Outgrown platform:Incisive journey of Caroline Mutoko, The Queen of Radio


Outgrown platform:Incisive journey of Caroline Mutoko, The Queen of Radio

Outgrown platform:Incisive journey of Caroline Mutoko, The Queen of RadioThe Queen of Radio Caroline Mutoko calls it a day after 14 wonderful years ruling the airwaves

The day I hit “send” on my executive challenge to Harvard Business School is when I knew without a doubt that I was ready to take on new challenges. My mission was simple — what do I do with my experience, contacts and leanings and how can I make a bigger impact in the country, region and on the continent?

It’s hard to say to anyone that you feel that the platform you sit on is small given the size of your dreams. It seems almost arrogant given that for many the Big Breakfast was as big a platform as there can be. But I had outgrown my platform; I needed to chart new waters. From about two years ago, every time I interviewed someone I thought had zeal and passion for the job, I always said the same thing to them: I am looking for my replacement. I said it to Lynda Nyangweso at all her appraisals, I said it to Adelle when I met her, I said it to Mwalimu Rachel, to Miss Mandi, to Joey — to anyone who seemed interested in career growth.

I’ll always look back to that “punch to the gut” conversation I had with John Ngumi. “Stop trading water and playing small, go to Harvard and shrink so you can grow again.” He is annoyingly right most of the time, so I went.

I have to admit that many years ago before Gerald Mahinda went to Cape town, he had told me the same thing — find a bigger platform, do more. He had just moved to Kenya Breweries Ltd from Standard Chartered and when I asked him if I should take the job at Kiss, he said “sometimes you have to move horizontally to move vertically.”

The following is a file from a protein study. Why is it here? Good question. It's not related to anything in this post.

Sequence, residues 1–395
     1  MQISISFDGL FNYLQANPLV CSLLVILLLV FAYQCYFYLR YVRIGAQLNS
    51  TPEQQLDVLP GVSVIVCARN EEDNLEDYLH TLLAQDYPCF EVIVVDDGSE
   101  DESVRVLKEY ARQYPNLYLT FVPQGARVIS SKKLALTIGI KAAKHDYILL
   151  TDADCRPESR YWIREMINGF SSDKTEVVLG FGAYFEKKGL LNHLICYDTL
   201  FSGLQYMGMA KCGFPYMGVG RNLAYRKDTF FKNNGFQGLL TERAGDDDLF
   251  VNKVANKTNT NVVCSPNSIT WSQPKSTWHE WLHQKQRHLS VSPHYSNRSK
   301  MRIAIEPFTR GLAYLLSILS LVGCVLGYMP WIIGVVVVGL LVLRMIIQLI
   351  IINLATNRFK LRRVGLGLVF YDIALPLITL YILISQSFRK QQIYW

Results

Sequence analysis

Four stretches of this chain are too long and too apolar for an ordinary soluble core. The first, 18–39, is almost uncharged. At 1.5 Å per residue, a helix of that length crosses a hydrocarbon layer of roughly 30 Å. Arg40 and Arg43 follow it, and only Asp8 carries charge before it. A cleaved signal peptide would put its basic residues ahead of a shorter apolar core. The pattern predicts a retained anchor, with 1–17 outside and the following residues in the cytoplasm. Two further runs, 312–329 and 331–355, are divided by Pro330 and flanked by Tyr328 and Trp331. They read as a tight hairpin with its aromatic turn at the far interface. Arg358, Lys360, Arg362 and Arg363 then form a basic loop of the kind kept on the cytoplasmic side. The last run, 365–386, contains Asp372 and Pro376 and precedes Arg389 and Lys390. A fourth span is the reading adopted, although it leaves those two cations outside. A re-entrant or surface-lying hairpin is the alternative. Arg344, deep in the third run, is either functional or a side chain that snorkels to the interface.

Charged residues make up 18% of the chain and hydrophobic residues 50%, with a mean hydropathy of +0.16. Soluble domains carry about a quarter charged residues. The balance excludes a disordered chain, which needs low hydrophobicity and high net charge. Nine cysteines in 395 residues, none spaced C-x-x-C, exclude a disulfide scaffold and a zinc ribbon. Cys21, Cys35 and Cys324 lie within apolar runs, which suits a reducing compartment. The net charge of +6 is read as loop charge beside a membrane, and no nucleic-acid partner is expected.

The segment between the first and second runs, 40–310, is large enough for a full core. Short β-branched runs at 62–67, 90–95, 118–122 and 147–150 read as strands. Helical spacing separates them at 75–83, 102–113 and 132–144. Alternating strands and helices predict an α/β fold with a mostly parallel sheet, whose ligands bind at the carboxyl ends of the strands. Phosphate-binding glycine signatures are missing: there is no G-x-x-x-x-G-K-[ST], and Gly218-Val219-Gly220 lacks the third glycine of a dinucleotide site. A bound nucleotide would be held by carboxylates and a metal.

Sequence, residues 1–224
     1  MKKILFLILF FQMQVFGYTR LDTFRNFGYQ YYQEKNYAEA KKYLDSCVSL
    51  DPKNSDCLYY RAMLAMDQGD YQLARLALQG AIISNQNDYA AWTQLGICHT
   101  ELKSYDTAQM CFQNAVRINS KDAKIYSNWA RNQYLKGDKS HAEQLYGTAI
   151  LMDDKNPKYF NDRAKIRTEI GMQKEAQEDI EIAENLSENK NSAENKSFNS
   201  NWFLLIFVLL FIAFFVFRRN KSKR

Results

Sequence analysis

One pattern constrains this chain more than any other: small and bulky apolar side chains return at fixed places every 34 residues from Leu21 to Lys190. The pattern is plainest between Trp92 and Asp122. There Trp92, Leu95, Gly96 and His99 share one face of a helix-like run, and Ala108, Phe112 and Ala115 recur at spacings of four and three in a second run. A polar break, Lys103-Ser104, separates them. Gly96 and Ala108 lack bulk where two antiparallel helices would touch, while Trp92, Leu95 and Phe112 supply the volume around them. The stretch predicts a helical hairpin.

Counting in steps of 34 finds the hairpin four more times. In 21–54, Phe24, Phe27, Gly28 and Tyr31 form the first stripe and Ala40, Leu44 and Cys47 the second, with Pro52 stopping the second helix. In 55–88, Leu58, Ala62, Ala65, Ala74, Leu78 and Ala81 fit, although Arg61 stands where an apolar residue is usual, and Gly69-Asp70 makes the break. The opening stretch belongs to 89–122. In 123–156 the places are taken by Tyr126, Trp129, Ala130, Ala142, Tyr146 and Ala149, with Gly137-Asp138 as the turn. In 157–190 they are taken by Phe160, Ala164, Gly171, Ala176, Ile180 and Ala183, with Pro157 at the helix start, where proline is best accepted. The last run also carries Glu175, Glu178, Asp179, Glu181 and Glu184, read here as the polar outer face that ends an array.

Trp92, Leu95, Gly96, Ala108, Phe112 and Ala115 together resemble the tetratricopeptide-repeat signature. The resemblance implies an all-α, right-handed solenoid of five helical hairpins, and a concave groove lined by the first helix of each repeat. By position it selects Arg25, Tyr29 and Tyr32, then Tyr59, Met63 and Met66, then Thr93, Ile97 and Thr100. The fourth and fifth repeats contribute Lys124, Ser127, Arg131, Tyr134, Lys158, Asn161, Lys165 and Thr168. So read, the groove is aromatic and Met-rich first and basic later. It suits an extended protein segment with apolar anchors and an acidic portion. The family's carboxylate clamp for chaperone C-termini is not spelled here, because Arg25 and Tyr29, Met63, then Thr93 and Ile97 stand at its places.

My journey is full of people gasping and ooohing and aahhhing simply because for them, things are linear and when you land somewhere that most people think is the very, very top, they expect you to stop growing. How? Why? I will never know.

I got into radio at a time when people mumbled about “now, what sort of job is that?” A great job, a fun job and it paid better than my banking job — yes, even back in 1997.

I started off doing the traffic update twice an hour for three hours for John Wilkins. I also inputted data into the radio software system, scheduling the music, fetching coffee for Phil Mathews and wow, running the desk between 9am and 10am on the “count-down” hour for Phil. No talking, just pushing buttons. I voiced classifieds with the amazing Eric Ndavi.

I finally got a show “The Jam” — yes, I created it. The idea was to “darken” the playlist on Capital because it was far, far too white. I was the token black on-air; I knew it and didn’t care. I had a show. I worked Monday to Monday. I also had a Saturday show with Sean Cardovillis — Saturday, Music and Sport and when that didn’t rock my boat, I got a Sunday show — the Groove Thing, more “dark” music.

To hear William Pike and Patrick Quarcoo speak, that’s where they first heard me and decided they wanted to hire me. Lesson: be awesome where you are. The stupidity of most radio presenters today is that they are waiting to get a prime show to be awesome. How short-sighted. Be awesome on that show you do now and you will be noticed.

When I came to Kiss 100, same mumbling started. She’s a girl; she can’t make it on morning radio. She sounds too young (same BS I see people floating around about Shaffie and Kalekye). It was said very openly that being black, female and under 30 meant there was no way I was going to succeed (wanna bet?). Morning radio success was male, white and over 40 (Phil Mathews). In fact I was meant to crash and burn in three months. In six months we were number one and we never looked back.

I have always carried a double or triple docket. Because of the nature of the business when we started, my GM ( Martin Khafafa) and I did almost everything. Martin did the music research input and I read out the figures to him. We went to sales meetings to try and convince the very intimidating George Lutta et al to give us revenue then we came back and wrote out the proposals and presented them. Those were 14-hour days. A 12-hour day in my world is a breeze.